Twitch Plays Pokemon (70,000-80,000 players on one save file?!)

by Hannah Rudow. 0 Comments

Twitch.tv is a gaming community site focused on using live video streams to bring gamers together.

The site usually features one gamer playing and allows the community to discuss the game live in a chat on the side next to the video. However, Twitch Plays Pokemon invites viewers to join in a game of Pokemon Red/Blue by giving button commands in the chat which are directly taken as commands by the game so that everyone commenting is playing the same game together as if thousands of fingers were all jabbing at the same controls.

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At times it becomes very chaotic with spam flooding the chat!

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The description of the stream reveals that “It was created as an experiment to test the viability of this format, the way people interact with the input system and the way they interact socially with each other.”

The results have been mixed. The stream has seen a huge surge in popularity throughout the internet, however the ability of the gameplay to be called ‘successful’ is doubtful due to the high number of players and the utter chaos that seems to occur during the game.

Watching the Twitch community (and random strangers) play his livestream can be amusing or conversely maddening to someone who is used to doing a competent job controlling the gameplay with their own two thumbs. The stream is mostly a painful string of opening and closing menus for no reason, erratic selection of options and getting lost. Though there is a very slow and steady march of progress. The quickest Pokemon playthroughs on Youtube are around 8 hours long and I usually ‘finish’ a game after about 20 hours.

To give you an idea of how chaotic this livestream is: here is a short time-lapse of 24hours in the life of Twitch Plays Pokemon (Day 6 to Day 7).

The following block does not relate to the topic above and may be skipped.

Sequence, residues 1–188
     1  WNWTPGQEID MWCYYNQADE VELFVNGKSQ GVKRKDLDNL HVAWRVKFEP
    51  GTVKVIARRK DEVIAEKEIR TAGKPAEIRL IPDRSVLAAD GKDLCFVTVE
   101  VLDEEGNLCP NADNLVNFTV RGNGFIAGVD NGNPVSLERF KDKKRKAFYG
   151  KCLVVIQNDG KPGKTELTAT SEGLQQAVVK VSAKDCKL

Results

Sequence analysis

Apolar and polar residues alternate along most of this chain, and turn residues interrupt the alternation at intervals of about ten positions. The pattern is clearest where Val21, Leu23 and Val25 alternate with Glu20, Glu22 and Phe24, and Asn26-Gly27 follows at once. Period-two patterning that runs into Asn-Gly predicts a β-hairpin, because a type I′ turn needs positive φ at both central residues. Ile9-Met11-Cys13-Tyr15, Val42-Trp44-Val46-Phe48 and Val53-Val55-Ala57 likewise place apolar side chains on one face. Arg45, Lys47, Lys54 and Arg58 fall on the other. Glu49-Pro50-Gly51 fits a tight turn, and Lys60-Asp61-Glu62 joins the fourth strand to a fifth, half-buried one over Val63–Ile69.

I have no doubt that eventually the game will be completed eventually, however I believe that by that time the crowd will have died down enough for more cooperative gameplay, making the button decisions more accurate and therefore the gameplay more likely to progress at a rate that isn’t mind-numbingly slow.

I believe that the popularity of Pokemon, especially of the first generation of the game (Red/Blue), and the novel form of interactivity of the stream are what drove the current popularity of the this stream to this height. However, let us not forget the memes!

Twitch Plays Pokemon’s chaotic play-style has resulted in several different mishaps and reoccurring situations which are not actually amusing in themselves but are seemingly hilarious compared to running into the same wall a bunch of times or accidentally releasing Pokemon.

The most popular thing to come out of the stream (apart from the viewing and participation in it) is the running joke about the item Helix Fossil.

It is continuously compared to the Magic Conch Shell (an item similar to a Magic Eight Ball) from an infamous episodes of Spongebob Squarepants in which getting lost in the woods is solved by listening to the Magic Conch and doing just about nothing the entire episode.